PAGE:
LETO: Well, the song is about people coming to the City of Angels to live their dreams and to make their dreams their reality. It’s about how the other people they’ve met in the city have helped them—you know, a group of people all kind of joining together into a community of outsiders, of mavericks, of freaks, of artists. It’s about coming to a place to do something different and something special. I guess that guy on the crew had some kind of connection with that.
FRANCO: How did you wind up first coming out to Los Angeles? Were you doing both music and acting at the time? How did you make your way out there?
LETO: I was actually in art school. I was studying to be a painter. I started at the Corcoran College of Art and Design in Washington, D.C. And then I went to two other art schools after that, and ended up in New York City. I dropped out during my third year.
FRANCO: What kind of painting were you doing?
LETO: I was doing conceptual work. I was really into abstract and contemporary art. I always loved pop art as well. Then I fell in love with photography and filmmaking. I was also studying sculpture and exploring a lot of different things, as you do when you’re a student. But I ended up focusing on film during my third year. Not so much traditional, narrative film—more art film and video art. But then I dropped out because I thought I would have a better chance at directing a film if I got a job as an actor first. So that’s one of the reasons why I headed west with a backpack and a couple hundred bucks in my pocket. I went to California and ended up sleeping on the beach in Venice, and that was really the beginning for me. But I come from a visual background, and I grew up around a lot of hippies and artists. My mom and my brother and I moved around a lot. We basically moved every couple of years, and I went to a lot of different schools. But creativity, for us, was always a way of life. It was never a job. Being an artist was a passion and a way of life.
FRANCO: Why were you moving around so much?
LETO: I think it was just a product of the times. I’ve said this before, kind of as a joke, but it’s the truth: My mother crawled out of the muddy banks of the Mississippi with my brother and I in one hand and a fistful of food stamps in the other. I think the moving around was something out of the hippie-vagabond artist age as she searched for a better life for herself and her kids—you know, just kind of going where the road took her.
FRANCO: I’m trying to picture young Jared painting. You said that your work was abstract, but what were your early pieces like? Can you describe them?
LETO: Well, when I was younger and painting, I think I was in the process of finding out what it was that I had to say. Maybe that’s a question that never stops getting asked, but one of the reasons I moved away from painting and toward something else was because I eventually discovered that I wanted to deal more with motion, time, and performance—and that became a much bigger part of my life both as an actor and as a musician and someone who goes on stage and travels around the world and works on productions. But back then, things were much simpler for me, and more two-dimensional. I still had the kind of ambition I have now—and I certainly wasn’t too modest about what I wanted to attempt with art. But I wasn’t old enough or confident enough to develop a real style. So painting, for me, was more a case of exploration, and the pieces changed drastically as you explored and as you failed. And I think that’s a great period—that period of failure again and again and again, until you land on something. So that’s probably what my paintings looked like back then: like failure.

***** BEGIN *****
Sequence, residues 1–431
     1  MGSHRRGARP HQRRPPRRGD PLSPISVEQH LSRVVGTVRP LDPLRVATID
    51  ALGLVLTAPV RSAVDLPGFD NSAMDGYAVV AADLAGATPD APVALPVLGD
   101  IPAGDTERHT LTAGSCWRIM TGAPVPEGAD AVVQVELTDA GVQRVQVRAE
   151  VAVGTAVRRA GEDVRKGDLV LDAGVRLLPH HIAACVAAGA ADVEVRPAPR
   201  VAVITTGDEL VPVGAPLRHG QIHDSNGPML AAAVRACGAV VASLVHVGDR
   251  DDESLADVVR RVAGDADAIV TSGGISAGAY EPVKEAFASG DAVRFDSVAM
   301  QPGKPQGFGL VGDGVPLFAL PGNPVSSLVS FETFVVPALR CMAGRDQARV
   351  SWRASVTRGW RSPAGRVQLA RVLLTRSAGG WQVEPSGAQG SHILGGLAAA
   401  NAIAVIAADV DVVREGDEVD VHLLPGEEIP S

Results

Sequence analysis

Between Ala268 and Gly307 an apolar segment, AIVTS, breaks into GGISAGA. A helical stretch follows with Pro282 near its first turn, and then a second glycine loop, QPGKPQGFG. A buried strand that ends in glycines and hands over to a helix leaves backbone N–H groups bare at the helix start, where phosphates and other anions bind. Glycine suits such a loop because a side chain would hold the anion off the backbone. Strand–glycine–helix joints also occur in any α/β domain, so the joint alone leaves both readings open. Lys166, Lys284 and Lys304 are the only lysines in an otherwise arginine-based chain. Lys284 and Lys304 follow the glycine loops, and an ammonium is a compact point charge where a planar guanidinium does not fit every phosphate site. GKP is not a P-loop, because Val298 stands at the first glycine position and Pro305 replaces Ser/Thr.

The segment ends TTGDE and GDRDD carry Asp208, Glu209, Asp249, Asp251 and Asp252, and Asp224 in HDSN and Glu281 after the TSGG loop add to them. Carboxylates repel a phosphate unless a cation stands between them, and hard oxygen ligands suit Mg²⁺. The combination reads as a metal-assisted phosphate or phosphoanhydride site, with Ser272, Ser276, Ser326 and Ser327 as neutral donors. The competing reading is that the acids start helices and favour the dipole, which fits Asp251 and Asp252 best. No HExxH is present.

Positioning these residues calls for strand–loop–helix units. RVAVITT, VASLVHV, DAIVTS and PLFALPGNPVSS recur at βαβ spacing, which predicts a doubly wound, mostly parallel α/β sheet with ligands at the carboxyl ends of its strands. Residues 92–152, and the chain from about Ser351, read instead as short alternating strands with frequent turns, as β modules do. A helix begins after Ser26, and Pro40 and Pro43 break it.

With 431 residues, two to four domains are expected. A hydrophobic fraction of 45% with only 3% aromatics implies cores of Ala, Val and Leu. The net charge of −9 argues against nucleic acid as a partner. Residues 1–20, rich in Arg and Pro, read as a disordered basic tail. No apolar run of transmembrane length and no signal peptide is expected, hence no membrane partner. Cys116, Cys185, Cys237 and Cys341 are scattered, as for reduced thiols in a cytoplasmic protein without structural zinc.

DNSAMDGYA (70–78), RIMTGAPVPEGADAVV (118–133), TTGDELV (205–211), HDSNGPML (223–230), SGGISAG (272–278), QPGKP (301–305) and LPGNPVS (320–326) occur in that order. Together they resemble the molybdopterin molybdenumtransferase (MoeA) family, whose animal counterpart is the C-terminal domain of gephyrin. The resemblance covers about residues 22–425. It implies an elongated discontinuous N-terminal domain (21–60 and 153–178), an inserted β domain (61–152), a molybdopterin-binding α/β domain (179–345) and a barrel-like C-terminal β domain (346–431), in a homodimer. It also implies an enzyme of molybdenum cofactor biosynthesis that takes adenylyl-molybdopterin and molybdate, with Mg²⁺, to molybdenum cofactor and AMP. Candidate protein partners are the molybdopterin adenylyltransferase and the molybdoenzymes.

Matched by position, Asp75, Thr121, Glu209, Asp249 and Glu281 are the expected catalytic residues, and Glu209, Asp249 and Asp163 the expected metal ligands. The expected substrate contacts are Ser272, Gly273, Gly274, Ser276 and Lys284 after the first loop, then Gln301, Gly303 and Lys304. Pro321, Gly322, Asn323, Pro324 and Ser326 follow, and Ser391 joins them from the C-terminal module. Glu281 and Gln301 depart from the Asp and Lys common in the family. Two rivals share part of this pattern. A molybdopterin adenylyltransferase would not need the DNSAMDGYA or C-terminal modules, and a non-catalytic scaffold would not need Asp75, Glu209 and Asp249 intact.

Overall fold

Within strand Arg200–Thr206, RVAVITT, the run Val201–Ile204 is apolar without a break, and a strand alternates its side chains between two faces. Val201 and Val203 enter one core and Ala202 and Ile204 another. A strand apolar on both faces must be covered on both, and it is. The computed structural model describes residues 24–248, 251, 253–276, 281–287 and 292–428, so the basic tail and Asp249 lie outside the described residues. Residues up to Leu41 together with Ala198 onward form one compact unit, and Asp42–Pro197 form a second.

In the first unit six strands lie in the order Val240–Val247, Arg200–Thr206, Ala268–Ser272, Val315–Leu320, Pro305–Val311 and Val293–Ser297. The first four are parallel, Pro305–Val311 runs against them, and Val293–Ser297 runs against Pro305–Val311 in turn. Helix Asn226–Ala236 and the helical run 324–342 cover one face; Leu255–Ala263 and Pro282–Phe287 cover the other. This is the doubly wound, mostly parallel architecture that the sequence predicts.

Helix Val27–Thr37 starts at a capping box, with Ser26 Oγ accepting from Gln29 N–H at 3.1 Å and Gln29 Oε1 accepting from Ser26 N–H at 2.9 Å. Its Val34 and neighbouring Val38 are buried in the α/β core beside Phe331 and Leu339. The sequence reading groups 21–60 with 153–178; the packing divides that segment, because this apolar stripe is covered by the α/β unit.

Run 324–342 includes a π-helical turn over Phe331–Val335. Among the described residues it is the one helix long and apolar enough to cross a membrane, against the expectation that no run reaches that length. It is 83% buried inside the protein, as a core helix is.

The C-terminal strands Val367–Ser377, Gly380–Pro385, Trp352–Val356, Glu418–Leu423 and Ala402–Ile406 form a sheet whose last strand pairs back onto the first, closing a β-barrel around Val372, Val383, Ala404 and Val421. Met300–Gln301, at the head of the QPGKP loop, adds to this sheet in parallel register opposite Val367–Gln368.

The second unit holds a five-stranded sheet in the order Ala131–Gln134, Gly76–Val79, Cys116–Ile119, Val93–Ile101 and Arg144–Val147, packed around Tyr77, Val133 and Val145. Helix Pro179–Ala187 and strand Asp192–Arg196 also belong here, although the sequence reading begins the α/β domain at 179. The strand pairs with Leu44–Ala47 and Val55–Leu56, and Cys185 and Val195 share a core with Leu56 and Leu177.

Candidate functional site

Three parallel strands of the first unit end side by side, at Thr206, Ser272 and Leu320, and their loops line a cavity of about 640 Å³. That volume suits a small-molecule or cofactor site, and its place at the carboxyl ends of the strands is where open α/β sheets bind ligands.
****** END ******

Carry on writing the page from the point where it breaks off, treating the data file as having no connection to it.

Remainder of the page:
FRANCO: What were the films and videos like?
LETO: Impressionistic. [laughs] We would shoot all of our films on Bolex cameras that we had to check out of the university, and then once you shot your footage, you’d have to send out your film to the lab to be developed, and then, when it came back, you’d cut it with razor blades in the edit bay. This was pre-computer-editing software, so we did it all the old-fashioned way, and there’s something wonderful about that because you shoot and then discover that you’ve made a lot of mistakes. But some of those mistakes would turn out to be incredible—they’d be gifts—so you’d use them. It was certainly a pain in the ass as well—and very time-consuming and expensive. That’s why I think it’s great now that it’s so much cheaper and easier to make a film and distribute it. It doesn’t mean that it’s at all any easier to make something great, but the tools to make something and get it out into the world are certainly more available.
FRANCO: Do you still have any of those old films?
LETO: On a spool somewhere. Not even on VHS.
FRANCO: So right before you went to L.A. you were in New York?
LETO: Yeah. I was at the School of Visual Arts.
FRANCO: It seems like it would take a lot of will to say, “All right, I’m leaving all this behind and I’m going out to L.A.” Did you discuss it with anyone? I know that you work with your brother now in the band. Did you talk about it with him?
LETO: No. We’ve both had our own challenging days, and at the time, my brother wasn’t really around much. I do remember, though, it being a pretty big decision—especially to drop out and take a risk like that in your third year. But I also remember being very excited about it and making the choice and knowing that it was the right choice to make. I moved too fast—I always wanted more—and I couldn’t get that by staying in school. I had actually dropped out of high school, too, in the 10th grade, and I remember making that choice so clearly, too. It was confusing—and probably not a great choice to make—but I do remember the sense of freedom and the sense of excitement about things to come and the unknown in front of me.